As hype man for the August Darnell–fronted bands Dr. Buzzard’s Original Savannah Band and Kid Creole & the Coconuts, Coati Mundi was a comic-foil sidekick to Darnell’s ladies’-man persona, sort of a Jerome to the Time’s Morris Day. But the diminutive, zoot suited Mundi, born Andy Hernandez, was more than a mere court jester— officially a coleader of the Coconuts, he’s a multi-instrumentalist (most known for his vibes work), and was the arranger and producer of much of the Ze Records roster. He also scored a number of club hits on his own, notably 1980’s red-hot “Me No Pop I”—but for two decades, he gave up recording in favor of acting. Last summer, Hernandez reappeared with an EP, a teaser for a full-length album, on DJ Spun’s Rong Music label. That LP, Dancing for the Cabana Code in the Land of Boo-Hoo, is finally here—and it was worth the wait.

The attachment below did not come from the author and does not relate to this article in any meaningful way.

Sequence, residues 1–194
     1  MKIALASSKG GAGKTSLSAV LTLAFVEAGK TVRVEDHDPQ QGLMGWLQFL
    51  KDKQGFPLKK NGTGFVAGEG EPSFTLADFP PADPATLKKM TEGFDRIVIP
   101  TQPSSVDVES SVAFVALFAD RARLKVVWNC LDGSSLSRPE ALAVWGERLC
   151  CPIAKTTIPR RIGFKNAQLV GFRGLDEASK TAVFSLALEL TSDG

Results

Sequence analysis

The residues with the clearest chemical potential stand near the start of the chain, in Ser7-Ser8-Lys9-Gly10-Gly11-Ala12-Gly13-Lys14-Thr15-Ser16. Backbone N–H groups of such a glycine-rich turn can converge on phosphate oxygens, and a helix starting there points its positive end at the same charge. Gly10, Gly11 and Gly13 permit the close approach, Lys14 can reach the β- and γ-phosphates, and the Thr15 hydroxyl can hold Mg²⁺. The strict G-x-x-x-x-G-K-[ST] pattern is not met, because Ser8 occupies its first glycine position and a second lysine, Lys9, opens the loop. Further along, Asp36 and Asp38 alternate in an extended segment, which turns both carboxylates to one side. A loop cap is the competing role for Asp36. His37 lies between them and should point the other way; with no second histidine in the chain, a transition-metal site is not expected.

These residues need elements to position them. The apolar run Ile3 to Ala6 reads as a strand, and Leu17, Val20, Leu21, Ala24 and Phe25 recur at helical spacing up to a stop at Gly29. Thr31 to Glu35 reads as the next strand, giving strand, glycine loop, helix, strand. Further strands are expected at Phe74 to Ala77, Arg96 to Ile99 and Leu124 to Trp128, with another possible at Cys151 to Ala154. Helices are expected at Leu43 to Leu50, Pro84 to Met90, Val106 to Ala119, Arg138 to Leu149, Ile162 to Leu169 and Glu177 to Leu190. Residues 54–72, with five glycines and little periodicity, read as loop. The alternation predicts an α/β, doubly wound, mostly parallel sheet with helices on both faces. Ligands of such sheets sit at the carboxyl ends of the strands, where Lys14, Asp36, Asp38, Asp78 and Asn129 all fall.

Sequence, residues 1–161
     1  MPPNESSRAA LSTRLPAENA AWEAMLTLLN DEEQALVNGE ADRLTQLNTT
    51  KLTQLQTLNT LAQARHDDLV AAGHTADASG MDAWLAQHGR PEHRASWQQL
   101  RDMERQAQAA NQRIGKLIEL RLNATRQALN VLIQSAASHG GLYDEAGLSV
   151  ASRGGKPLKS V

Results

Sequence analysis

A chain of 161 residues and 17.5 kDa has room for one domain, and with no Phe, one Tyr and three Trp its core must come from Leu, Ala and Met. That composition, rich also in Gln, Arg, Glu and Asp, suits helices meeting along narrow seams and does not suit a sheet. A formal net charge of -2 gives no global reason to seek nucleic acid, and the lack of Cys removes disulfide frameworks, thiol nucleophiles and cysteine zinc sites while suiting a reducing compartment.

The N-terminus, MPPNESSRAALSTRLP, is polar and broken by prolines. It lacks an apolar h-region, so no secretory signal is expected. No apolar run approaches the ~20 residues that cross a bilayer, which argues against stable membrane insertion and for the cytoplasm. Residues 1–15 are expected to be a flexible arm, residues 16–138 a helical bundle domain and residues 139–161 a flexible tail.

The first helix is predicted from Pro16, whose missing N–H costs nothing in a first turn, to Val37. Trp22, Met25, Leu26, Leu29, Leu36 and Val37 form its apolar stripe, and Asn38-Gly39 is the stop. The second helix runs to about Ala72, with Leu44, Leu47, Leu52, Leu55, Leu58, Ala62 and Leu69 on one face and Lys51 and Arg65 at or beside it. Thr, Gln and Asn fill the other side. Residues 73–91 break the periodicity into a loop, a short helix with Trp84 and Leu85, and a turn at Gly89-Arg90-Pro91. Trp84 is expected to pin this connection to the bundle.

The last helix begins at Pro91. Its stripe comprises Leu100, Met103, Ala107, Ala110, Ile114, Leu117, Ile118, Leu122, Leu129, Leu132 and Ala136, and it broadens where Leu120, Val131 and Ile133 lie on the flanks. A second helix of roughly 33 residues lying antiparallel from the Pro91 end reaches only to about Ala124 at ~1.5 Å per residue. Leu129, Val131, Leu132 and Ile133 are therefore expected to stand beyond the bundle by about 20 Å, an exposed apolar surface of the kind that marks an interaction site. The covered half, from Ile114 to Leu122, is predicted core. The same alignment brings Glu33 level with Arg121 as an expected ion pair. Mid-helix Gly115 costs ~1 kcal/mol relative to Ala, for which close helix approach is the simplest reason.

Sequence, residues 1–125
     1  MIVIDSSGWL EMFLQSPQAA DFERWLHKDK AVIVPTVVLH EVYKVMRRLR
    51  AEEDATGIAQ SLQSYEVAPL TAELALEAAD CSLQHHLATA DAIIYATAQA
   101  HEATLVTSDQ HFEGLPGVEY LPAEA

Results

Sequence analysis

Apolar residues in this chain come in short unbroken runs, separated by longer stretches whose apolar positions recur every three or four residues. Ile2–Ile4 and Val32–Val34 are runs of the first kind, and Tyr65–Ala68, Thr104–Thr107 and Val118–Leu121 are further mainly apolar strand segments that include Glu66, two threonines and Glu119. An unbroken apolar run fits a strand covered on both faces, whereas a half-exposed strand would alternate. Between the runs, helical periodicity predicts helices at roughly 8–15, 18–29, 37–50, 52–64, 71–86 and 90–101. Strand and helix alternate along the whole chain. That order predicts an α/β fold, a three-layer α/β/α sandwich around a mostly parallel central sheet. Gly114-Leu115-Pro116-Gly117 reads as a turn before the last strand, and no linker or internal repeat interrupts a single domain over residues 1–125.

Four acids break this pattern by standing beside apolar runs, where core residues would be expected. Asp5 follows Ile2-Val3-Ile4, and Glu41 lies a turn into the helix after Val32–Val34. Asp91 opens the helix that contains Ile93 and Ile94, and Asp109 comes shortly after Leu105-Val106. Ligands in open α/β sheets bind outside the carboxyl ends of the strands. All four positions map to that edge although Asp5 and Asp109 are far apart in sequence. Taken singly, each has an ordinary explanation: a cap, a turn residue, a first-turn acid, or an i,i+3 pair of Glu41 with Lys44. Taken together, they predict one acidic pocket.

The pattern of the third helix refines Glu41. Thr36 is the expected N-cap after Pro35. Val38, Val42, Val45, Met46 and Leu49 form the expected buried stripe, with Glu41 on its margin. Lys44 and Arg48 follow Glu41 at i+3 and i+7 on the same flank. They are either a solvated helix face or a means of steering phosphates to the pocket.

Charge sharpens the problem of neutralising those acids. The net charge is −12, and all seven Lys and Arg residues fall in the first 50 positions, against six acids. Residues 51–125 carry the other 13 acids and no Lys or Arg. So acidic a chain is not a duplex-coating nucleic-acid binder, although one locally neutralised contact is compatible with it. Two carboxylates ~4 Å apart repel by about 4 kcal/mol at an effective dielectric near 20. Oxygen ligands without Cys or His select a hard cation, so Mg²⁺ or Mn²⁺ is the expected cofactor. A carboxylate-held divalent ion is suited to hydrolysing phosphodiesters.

Coproduced by the U.K.’s E-Love (with a little help from NYC’s own Lee Douglas, who also designed the spot-on cover), the set sees Hernandez’s lovable-goofball image largely intact—there’s not much subtext to the lyrics of “Wanna Go to the Mall” and “I Love My Dog (Do Do Do)”—but this is serious music, an amalgam of Afro-Latin percussion, house-music bump and a studio sheen that’s both dance-floor-friendly and aurally adventurous. “It’s All About the Money, Money” updates the boogaloo of his native Spanish Harlem for a modern clubbing audience; “Voyage Libertad to the Boat Dance,” marries an Afro-tinged groove to acid house; and “Dancing Disco 101” is a dense, percussion-heavy entry in the modern-disco canon. Here’s hoping that we don’t have to wait another 20 years for the next Coati Mundi release.